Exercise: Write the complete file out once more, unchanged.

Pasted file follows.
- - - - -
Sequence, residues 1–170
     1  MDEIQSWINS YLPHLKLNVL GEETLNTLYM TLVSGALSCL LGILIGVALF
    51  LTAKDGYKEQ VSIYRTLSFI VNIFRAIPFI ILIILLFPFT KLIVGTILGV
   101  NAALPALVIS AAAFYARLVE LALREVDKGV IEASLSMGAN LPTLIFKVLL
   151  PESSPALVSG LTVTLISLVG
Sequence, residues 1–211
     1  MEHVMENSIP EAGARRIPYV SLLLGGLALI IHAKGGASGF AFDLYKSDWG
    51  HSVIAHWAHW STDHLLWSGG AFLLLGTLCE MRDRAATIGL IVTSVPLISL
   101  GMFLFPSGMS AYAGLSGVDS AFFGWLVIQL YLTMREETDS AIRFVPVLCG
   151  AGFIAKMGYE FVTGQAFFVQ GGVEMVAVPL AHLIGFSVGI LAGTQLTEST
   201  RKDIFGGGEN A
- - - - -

Sequence, residues 1–170
     1  MDEIQSWINS YLPHLKLNVL GEETLNTLYM TLVSGALSCL LGILIGVALF
    51  LTAKDGYKEQ VSIYRTLSFI VNIFRAIPFI ILIILLFPFT KLIVGTILGV
   101  NAALPALVIS AAAFYARLVE LALREVDKGV IEASLSMGAN LPTLIFKVLL
   151  PESSPALVSG LTVTLISLVG
Sequence, residues 1–211
     1  MEHVMENSIP EAGARRIPYV SLLLGGLALI IHAKGGASGF AFDLYKSDWG
    51  HSVIAHWAHW STDHLLWSGG AFLLLGTLCE MRDRAATIGL IVTSVPLISL
   101  GMFLFPSGMS AYAGLSGVDS AFFGWLVIQL YLTMREETDS AIRFVPVLCG
   151  AGFIAKMGYE FVTGQAFFVQ GGVEMVAVPL AHLIGFSVGI LAGTQLTEST
   201  RKDIFGGGEN A